There’s no such thing as a free lunch—or so I thought. It turns out membership has its perks, at least at Boston Market.
I signed up for a VIP business account (for free; just provided an email) a few years back to order food for an event. About once a month, an email arrives from Boston Market touting a deal. I’ve used them twice to snag a free chicken pot pie (after purchasing one and a drink) and for a 99-cent chicken (after buying a family meal).
While purging email recently, I didn’t even consider unsubscribing from Boston Market, because:
- Emails are infrequent
- Emails are not clickbait (you get what they tout)
- Emails have provided me value
This cannot be said for emails from all businesses. Plenty of stuff arrives in our inboxes every day that we would rather not see. When we have time, we purge or unsubscribe. Of course, sometimes that is not always as easy as a click, even if that’s not entirely legal or customer-friendly.
Businesses do not want people leaving their email list, but being difficult or tricky about unsubscribing is a shady practice that can cause repercussions down the line. Someone may not want the company’s emails now, but may want them later—and that person may soon come to despise the company if it becomes a real pain to get off the list.
Here’s a couple tips for not pissing off the people you email:
- Make it simple to find the unsubscribe link. Most people have been trained to scroll to the bottom looking for size 2 font, yes, but don’t hide your unsubscribe link like it’s Where’s Waldo.
- Please do not send ANOTHER email confirming the unsubscribe. We all hate those.
- Make it a one-click process, if possible.
- Perform the unsubscribe as fast as possible. Don’t make people wait days and receive more email before their email is purged.
- Include a brief survey to learn why someone is leaving your list, but make it optional.
- Customize the process by giving options for fewer emails, or emails better suited to our wants/needs.
Read on to see how a couple businesses did it all wrong, in my opinion.
I recently started the process of buying another vehicle, and, naturally, did my research online. Using a few auto-specific sites like Carmax, Carfax and Autotrader, eased the process, and those sites used a phone number and email address to reach out to local dealers and specific cars.
Once I purchased a car and continued to receive sales emails from specific dealerships, I politely emailed each saying I had made my purchase. Most of those emails stopped. However, those from Motovy New Car Deals and Autoserv, did not. My guess is my email ended up in their databases from one of the previously mentioned car-finding sites.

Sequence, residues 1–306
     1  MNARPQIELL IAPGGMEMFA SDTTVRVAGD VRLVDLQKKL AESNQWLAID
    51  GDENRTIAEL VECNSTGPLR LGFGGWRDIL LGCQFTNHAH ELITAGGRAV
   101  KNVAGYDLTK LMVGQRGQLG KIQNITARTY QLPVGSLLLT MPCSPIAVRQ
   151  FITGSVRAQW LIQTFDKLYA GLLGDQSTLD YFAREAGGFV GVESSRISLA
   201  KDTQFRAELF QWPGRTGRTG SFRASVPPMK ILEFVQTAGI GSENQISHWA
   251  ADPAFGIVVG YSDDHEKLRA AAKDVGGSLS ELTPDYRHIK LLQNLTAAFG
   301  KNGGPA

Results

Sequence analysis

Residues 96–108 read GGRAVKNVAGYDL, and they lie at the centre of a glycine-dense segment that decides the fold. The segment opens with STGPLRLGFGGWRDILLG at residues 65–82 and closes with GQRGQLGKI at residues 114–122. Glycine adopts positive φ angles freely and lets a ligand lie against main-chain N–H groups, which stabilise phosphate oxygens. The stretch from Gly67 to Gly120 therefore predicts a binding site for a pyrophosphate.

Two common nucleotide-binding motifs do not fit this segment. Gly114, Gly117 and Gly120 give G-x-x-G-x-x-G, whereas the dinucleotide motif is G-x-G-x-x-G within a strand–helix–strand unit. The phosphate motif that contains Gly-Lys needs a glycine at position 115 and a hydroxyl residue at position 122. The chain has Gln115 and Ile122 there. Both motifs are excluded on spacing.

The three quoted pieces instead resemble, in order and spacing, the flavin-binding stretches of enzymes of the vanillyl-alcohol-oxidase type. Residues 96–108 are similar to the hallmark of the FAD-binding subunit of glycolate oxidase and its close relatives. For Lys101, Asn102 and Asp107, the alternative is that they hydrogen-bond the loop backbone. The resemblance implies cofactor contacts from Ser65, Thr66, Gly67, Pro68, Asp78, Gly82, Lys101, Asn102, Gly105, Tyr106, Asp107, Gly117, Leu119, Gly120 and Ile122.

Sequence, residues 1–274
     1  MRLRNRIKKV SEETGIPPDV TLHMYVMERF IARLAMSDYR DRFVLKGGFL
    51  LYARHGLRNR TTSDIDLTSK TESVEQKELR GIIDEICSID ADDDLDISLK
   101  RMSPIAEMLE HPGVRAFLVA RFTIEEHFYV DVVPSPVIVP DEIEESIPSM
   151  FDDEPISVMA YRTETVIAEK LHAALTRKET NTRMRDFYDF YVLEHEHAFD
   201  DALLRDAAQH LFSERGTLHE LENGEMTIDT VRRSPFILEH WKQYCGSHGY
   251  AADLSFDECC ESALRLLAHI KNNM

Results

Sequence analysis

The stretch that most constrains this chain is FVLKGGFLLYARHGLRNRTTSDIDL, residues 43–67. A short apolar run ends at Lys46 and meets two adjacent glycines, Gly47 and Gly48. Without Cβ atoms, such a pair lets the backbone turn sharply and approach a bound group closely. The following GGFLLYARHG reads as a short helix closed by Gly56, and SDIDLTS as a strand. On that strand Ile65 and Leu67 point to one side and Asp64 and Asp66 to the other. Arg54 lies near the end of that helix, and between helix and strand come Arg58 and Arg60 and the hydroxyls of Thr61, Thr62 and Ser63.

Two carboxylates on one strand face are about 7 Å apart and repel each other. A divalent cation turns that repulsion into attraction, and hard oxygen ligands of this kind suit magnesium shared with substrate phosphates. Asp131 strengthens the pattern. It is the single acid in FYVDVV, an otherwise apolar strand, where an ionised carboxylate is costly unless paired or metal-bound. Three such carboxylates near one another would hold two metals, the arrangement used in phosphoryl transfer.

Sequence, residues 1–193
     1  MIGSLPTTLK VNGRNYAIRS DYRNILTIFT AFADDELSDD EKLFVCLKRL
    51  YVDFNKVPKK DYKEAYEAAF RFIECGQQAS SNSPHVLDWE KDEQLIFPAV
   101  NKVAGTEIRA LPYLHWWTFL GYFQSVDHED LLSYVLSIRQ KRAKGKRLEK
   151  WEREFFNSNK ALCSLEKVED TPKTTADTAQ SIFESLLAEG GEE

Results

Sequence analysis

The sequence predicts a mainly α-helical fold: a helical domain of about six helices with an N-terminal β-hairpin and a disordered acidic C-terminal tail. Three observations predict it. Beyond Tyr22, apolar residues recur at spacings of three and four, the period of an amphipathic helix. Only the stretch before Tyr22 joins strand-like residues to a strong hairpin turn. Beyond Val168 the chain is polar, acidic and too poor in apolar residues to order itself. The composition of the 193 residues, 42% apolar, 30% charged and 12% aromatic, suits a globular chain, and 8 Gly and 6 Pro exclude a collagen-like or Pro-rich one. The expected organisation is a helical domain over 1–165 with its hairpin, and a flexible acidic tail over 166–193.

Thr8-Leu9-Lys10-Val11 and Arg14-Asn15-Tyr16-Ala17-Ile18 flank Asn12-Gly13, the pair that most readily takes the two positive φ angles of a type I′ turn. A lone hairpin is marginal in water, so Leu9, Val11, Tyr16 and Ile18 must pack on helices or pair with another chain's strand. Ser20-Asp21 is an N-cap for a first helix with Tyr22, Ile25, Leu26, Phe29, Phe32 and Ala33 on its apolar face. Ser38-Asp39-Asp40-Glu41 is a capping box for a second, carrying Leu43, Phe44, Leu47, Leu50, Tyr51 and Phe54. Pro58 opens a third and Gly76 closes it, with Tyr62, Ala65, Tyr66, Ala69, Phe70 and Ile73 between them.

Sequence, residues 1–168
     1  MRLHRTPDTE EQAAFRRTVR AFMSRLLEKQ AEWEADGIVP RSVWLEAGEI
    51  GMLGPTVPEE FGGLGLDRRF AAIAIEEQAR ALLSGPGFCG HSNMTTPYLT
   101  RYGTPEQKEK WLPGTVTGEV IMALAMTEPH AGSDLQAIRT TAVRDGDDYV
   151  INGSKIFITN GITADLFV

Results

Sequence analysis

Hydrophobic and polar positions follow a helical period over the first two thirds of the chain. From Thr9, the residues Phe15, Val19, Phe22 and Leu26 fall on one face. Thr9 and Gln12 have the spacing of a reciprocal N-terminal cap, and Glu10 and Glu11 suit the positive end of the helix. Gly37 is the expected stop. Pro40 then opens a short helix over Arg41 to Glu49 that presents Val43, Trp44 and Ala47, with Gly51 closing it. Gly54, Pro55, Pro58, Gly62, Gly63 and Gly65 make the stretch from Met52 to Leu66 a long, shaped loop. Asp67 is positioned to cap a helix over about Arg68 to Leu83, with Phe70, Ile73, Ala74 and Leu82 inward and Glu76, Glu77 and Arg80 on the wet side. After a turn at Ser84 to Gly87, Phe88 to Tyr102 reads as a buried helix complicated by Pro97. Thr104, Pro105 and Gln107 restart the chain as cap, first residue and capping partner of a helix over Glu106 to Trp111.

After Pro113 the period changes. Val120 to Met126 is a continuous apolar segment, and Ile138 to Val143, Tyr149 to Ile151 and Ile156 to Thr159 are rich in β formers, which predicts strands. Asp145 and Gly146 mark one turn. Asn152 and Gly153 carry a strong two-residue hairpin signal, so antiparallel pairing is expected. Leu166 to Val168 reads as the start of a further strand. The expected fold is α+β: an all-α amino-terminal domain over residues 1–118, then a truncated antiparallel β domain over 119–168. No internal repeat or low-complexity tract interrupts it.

Motovy kept prompting me about my new Honda. Not once did I consider Honda or look at one online. So after being barraged with near-daily emails, I scrolled to the bottom of an email and found this:
I clicked and it got me here (not one click as stated):
Why does it take so long to get my email out of your system? MailChimp, a common marketing email platform, does it instantly. Other companies may be deleting your address manually.
My “friends” at Autoserv of Tilton kept sending me emails as well. I don’t actually have any friends at Autoserv, so again, I scrolled to the bottom:
I clicked and got here:
I clicked unsubscribe and got this:
See what they did? The default reason to not receive emails will still get you emails if you hit submit without reading closely. This is another shady practice. Consumers want to EASILY unsubscribe, not be fooled into getting more of what they do not want.
Many small businesses use MailChimp, and that system does unsubscribe right. It’s a one click process, with an option to tell the business why you want off their list. But that is optional. You are off the list with one click!
Oh, I may have typed too soon that Boston Market emails were happily infrequent, as I just checked and there’s a second one this week. On the upside, though, I now don’t have to make dinner as we’ll be enjoying entrees two for the price of one tonight!
If the two auto sites I wrote about above offered an optional, brief survey, here’s what I would have submitted:
Remember that in email marketing best practices, making the opt-out easy is as important as getting the original opt-in. Someone may not be ready now, but they could potentially be a prospect or customer later — unless you make them so angry they’ll do anything to avoid working with you in the future.